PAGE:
Christy climbing trees.

The armory on Cole Island.

Hello World anchored in Esquimalt Harbor (on the left).

48°27.068'N 123°26.808'W

strait of juan de fuca

After parting with Happy Camper in Bamfield, we headed to Wouwer Island. Waggoner's describes this island at the very western edge of the Broken Group like so:

At half tide or higher, most boats can make it through the slit between Batley Island and Wouwer Island. A bow watch will only scare you. <snip>... From the deepest indent in Wouwer Island, a short trail (a salal tunnel, actually) leads to a beach that faces the Pacific Ocean. The beach is choked with drift logs tangled like a mass of Tinker Toys. At the south end of the island, the shorelines around the headlands offer teeming tidepools, carpets of mussels, roaring sea lions, and storm-torn trees with eagles perched in them.

This really sounds like a place we need to spend some time in. We were foiled on our last attempt on Wouwer Island so we decided to give it another shot. This time we made it through the slit and into the anchorage (the bow watch was not scary - the depth sounder, however, caused a moment of pucker). We made an attempt at anchoring with a stern tie tucked in behind the lone islet inside the anchorage. Once we got the boat settled between her anchor and stern line, we couldn't stay out of the swell. It would have made for a long, rolly night with ocean swells starting in Japan and terminating on the side of our hull. So we decided to weigh anchor, scoot over to Effingham Bay (again) but just long enough to get ready for the passage down the Strait of Juan de Fuca. If we couldn't spend some time in Wouwer, we were determined to take advantage on the rare tame weather forecast for the strait and favorable tides.

Once at anchor back in Effingham Bay, we pulled the dinghy up on deck, moved the staysail stay off the foredeck and back by the mast, and pre-rigged the whisker pole. We were ready for some serious downwind sailing. We planned to ride the 5AM flood tide as far into the strait as we could so we departed around 10PM that evening allowing us the last remnants of the sunset for visibility to get out into Imperial Eagle Channel. Of all the sailing we'd done until this point, this was the time when we'd need to be the most cautious in our navigation. This was our first overnight sail in Hello World which also promised to be laced heavy with fog.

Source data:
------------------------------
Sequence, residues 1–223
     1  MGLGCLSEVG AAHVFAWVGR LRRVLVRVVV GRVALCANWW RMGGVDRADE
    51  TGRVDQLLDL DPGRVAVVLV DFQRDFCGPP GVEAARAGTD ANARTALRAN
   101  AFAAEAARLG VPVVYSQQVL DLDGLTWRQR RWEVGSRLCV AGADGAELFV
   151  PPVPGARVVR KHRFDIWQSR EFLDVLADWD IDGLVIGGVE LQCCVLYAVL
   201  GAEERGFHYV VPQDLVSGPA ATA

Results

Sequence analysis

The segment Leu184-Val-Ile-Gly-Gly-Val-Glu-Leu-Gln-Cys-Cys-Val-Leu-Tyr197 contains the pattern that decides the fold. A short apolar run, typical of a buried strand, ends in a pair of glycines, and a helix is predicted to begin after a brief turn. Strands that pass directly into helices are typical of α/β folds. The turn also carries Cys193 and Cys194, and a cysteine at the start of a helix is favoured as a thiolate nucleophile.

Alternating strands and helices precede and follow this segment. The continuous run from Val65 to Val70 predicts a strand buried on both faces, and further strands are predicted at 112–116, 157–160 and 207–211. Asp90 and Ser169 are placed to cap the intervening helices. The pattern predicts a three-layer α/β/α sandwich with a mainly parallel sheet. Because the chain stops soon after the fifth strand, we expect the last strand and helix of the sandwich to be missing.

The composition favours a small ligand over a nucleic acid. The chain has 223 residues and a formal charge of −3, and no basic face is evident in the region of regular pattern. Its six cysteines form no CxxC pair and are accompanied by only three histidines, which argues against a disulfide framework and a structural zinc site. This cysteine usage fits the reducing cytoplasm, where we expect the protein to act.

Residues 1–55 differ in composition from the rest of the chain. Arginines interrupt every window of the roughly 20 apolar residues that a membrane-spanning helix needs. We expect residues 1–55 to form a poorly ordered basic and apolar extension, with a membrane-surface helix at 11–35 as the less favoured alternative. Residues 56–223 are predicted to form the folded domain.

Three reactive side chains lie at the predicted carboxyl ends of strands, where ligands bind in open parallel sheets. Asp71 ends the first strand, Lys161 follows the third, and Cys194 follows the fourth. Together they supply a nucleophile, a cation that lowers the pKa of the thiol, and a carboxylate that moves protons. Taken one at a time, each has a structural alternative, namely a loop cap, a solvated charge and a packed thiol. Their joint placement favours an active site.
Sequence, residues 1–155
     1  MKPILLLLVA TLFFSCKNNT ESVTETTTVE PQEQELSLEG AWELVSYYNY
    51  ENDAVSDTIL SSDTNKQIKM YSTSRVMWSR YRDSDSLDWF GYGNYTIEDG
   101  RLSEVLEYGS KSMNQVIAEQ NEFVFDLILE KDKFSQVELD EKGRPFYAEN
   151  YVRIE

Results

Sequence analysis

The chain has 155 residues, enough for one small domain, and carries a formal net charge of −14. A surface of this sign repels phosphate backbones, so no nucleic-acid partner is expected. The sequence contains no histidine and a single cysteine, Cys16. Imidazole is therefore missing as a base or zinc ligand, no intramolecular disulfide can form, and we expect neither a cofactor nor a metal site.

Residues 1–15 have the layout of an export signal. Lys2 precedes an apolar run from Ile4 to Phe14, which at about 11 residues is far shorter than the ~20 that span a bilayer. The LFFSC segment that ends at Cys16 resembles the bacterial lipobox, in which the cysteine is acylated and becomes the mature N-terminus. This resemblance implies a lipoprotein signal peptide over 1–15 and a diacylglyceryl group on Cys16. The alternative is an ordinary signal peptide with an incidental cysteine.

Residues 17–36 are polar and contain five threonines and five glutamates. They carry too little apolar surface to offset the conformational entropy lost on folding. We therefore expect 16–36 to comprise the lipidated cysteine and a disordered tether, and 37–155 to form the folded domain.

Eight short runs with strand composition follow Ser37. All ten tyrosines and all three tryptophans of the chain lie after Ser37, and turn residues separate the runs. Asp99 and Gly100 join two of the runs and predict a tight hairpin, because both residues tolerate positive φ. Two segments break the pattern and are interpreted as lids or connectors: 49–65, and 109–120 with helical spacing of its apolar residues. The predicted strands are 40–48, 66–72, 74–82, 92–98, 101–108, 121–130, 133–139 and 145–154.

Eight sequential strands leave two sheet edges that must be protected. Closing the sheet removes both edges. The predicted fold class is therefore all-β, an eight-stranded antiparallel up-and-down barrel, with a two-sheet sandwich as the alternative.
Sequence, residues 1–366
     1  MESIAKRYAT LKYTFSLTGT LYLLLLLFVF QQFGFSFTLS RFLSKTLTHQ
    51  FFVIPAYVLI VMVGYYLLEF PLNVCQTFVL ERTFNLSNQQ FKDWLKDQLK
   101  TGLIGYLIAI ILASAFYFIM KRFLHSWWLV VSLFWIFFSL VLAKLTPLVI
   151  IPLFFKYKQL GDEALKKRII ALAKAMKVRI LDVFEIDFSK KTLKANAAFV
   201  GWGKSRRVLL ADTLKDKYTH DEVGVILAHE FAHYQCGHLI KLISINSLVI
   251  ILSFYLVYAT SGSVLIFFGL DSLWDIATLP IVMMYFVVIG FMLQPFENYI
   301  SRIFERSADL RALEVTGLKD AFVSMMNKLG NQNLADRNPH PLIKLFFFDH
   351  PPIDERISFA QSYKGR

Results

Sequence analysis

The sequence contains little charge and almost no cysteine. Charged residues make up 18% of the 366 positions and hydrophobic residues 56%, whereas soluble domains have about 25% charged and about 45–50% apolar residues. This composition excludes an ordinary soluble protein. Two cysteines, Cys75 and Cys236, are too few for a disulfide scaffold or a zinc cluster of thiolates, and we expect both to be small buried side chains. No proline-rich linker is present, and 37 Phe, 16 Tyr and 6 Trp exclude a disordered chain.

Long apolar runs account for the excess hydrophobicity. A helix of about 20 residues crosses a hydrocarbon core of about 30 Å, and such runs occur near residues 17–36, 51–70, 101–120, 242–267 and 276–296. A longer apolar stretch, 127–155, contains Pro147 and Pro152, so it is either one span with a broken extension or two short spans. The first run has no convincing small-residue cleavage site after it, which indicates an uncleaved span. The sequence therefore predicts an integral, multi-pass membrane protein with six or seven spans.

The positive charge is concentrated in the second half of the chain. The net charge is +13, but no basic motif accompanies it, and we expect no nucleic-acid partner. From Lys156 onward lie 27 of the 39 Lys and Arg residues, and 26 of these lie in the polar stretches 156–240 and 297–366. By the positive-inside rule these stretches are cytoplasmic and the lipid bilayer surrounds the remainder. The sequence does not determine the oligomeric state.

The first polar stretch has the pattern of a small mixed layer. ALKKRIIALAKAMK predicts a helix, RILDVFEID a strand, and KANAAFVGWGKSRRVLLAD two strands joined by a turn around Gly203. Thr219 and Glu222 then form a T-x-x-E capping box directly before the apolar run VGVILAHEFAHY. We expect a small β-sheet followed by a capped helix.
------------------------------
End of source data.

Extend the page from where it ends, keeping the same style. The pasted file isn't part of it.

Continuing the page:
As luck would have it, our faithful chartplotter chose this exact moment to shit the bed. No GPS signal period. This was certainly not a deal breaker, we have four other GPS' on board, functioning radar, all the proper charts for the areas we were transiting. But still, the chartplotter would have been nice, particularly for exiting the rock-littered Broken Group and getting out into the Pacific.

What we lacked in chartplotter functionality, we more than made up for in phosphorescence. The prop wash (no sailing to be done all night) and waves running down the sides of the hull were lit up with phosphorescence. The Milky Way was brilliant. The sky was packed with stars. At least until the fog set in. Once the fog enveloped the boat, standing watch became a function of staring at the radar looking for the tiniest pixel of a return. We received several radar returns and were incredibly grateful to have it. This would have been wicked scary without it. It was scary enough with it. At one point, Christy woke me up when she saw three radar returns, all with bearings that looked to intersect right at us. Nobody came within 3/4 of a mile but we never caught a glimpse of any of their lights.

A windless day followed the windless evening and we motored uneventfully past Race Rocks and up into the anchorage in Esquimalt at around 3PM. We happily set the anchor in the back of Esquimalt Harbor, high-fived each other and augered into bed.

Sunset as we left Effingham Bay for the Strait of Juan de Fuca.

Sunrise over the Strait!

An easy motor down the Strait of Juan de Fuca in glassy water.

48°24.694'N 124°09.015'W

happy campers

Boats have a gravitational pull on a certain type of people. Amongst the boating population, wankers, fucksticks and jackasses are sorely under-represented. There is a disproportionately high number of genuinely friendly, open, bright, and funny people. When you slice that boating population into those that live and voyage on their boats, the statistics skew even further. So it shouldn't come as such a surprise that we got along so famously with the crew of s/v Happy Camper after a chance meeting in a laundrymat in Port McNeill.